This is a big moment for you. For a long time, you’ve stood in the margins, watching friends and coworkers play a mysterious game with their words—but no longer. You’ve decided you’re ready to start caring what your language looks like. It would be so easy to brush this off and act like it’s no big thing, but deep down, you know it took guts getting to this point. And for that, you deserve to let a little pride drip out of your inner tap. So go ahead and indulge yourself a little. You’ve earned it.
However, it’s also important to appreciate the gravity of the situation you’re in. Maybe you thought choosing a font was as simple as picking out a pair of socks. If that were the case, you failed to appreciate just how badly this could go for you. You’re about to enter a minefield, littered with the carcasses of past font choices gone wrong. People are going to be talking about this for a long time, and you’re either going to be a raging success or the flop that people, whispering, point out in the supermarket aisle. I wish it weren’t too late to convince you to abandon this decision, but now that you know it exists there’s no turning back.
The first thing you need to figure out is where you stand in the perennial dispute between serif and sans serif. This is your Montague-Capulet kind of situation, only where Romeo and Juliet are pretending to be into each other so they can one day poison the other person’s whole family. It is here where humanity parts into two ideologically opposed groups. Underlying this conflict is a history far too complex to explain before you make your decision, so you just need to ask yourself: would you rather wear a black turtleneck or an decorative neck scarf? This will tell you on which side of the conflict you land.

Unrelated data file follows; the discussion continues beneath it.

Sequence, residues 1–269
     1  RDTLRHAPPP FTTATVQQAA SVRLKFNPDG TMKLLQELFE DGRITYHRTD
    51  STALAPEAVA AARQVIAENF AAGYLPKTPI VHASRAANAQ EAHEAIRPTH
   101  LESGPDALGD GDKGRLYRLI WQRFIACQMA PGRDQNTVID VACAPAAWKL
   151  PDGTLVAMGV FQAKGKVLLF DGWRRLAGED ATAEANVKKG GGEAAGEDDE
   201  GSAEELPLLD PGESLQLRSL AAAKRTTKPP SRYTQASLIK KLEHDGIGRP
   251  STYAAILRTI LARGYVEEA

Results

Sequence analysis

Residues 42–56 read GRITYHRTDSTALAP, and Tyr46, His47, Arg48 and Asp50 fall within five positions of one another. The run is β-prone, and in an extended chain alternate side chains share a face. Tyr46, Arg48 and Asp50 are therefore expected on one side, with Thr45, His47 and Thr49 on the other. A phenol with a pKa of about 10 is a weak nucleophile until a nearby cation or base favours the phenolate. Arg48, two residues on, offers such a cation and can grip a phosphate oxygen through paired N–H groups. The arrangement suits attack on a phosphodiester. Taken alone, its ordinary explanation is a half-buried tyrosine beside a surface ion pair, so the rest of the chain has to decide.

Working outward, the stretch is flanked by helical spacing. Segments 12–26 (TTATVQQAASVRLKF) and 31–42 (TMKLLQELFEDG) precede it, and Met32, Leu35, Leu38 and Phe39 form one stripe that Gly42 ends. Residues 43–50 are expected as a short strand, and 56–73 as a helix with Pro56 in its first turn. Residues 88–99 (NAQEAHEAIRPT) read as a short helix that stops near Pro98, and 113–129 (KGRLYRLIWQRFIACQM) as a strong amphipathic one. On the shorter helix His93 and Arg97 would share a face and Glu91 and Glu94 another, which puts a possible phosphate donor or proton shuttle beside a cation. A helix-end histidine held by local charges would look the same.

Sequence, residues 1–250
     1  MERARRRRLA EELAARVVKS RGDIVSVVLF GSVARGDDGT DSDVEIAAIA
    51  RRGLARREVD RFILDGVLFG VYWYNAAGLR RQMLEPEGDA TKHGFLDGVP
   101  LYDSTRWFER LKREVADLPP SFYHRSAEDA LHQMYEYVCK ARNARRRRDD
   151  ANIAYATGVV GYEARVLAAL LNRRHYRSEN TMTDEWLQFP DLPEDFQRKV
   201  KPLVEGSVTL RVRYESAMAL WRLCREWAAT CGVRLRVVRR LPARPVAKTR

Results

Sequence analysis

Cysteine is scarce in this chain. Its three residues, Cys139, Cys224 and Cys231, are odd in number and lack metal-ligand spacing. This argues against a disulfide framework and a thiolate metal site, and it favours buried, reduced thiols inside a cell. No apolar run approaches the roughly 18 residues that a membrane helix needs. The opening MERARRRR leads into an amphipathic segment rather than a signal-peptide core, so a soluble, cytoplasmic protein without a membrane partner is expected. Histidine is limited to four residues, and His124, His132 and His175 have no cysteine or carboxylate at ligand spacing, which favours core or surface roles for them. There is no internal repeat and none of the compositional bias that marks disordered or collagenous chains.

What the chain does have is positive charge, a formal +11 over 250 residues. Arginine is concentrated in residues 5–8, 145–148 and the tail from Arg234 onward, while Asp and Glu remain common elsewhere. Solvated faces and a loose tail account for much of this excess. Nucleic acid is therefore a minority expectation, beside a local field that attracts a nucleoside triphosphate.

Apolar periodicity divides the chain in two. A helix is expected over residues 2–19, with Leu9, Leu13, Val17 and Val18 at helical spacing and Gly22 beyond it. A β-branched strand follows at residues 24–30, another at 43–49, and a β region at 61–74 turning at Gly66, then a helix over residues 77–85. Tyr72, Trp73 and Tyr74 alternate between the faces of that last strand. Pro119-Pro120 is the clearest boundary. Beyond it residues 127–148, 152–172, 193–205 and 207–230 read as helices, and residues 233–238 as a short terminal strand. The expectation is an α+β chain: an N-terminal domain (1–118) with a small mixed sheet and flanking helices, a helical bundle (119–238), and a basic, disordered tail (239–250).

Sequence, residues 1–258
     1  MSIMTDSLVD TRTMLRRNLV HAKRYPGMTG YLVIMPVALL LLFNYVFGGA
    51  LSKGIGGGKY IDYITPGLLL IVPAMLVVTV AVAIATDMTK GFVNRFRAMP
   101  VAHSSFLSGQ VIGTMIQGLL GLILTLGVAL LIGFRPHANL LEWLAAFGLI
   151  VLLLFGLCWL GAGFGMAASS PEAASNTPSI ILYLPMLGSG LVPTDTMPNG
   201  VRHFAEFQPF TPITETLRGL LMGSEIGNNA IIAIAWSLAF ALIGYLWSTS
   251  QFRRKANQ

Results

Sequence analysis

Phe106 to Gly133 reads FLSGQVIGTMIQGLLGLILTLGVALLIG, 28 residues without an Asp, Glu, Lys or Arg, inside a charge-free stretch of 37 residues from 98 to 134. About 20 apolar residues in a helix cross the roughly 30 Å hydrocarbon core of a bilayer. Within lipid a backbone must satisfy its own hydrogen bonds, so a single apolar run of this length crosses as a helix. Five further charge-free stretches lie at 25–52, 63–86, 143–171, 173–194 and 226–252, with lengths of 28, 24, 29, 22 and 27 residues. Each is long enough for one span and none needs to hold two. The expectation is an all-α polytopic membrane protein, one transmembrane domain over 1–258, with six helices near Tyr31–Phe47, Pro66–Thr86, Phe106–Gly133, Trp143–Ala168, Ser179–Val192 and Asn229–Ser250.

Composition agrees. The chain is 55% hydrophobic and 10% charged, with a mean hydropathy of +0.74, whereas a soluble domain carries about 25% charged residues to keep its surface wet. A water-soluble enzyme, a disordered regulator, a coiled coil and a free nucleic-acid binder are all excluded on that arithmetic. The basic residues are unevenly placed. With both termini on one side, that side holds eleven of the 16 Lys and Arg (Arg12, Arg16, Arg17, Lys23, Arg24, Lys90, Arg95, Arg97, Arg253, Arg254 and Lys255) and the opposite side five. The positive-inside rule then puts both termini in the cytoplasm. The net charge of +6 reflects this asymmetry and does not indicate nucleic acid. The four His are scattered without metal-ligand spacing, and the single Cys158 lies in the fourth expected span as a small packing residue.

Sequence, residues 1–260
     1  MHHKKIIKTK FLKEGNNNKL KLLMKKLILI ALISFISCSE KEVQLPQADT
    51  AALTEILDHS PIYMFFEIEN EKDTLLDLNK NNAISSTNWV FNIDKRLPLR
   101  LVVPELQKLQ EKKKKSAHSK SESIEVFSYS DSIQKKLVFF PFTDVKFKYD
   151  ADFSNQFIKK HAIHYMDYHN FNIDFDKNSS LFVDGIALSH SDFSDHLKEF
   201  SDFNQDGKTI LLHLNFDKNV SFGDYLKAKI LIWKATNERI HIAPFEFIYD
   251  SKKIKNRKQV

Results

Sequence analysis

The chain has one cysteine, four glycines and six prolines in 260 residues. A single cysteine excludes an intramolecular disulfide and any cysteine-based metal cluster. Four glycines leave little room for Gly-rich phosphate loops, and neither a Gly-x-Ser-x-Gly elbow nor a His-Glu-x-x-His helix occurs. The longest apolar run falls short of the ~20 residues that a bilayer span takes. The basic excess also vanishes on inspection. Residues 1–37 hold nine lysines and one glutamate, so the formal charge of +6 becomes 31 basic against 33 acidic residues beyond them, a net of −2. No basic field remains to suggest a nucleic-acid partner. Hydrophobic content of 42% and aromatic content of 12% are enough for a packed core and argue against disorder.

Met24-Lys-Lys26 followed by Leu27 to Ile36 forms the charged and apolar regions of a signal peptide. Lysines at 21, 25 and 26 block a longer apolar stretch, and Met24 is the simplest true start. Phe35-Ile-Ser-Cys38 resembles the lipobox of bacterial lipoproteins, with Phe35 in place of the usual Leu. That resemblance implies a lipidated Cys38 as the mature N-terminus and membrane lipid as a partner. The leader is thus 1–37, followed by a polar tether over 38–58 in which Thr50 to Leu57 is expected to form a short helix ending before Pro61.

Next, you’ll want to consider serious things like aesthetics, audience, mood, legibility—blah, blah, blah. Look, it’s mostly a gut thing and remember, it was your guts that got you to this point, so don’t be afraid to trust them. Really, making the right call is mostly about avoiding the wrong ones. Here are some of the biggies:
– Avoid trite correlations, e.g. don’t choose Gotham just because you’re writing Batman fan-fiction and or wearing Batman pajamas.
– Certain fonts like Comic Sans and Papyrus have become the lepers of typography. Try not to touch them.*
– Like the popular kids at school, some fonts lose their style after a few years. Don’t let fashion intrude on your decision-making.
Let’s not sugarcoat it; this is huge decision and one that you haven’t come to lightly. But don’t worry, you’re only risking a life sentence of passive-aggressive judgment from your peers. So, relax. You’re going to be fine, just fine.
*One precarious option I wouldn’t recommend to a first-timer like yourself—but that is still worth mentioning—is using your font choice to make an ironic comment on the popular tastes and distastes of a society. This might include choosing to use Comic Sans on the program for a design lecture, or branding your company as a pastiche of a certain font which, through historical overuse, has become the subject of insults and ridicule. Again, this is only for the advanced.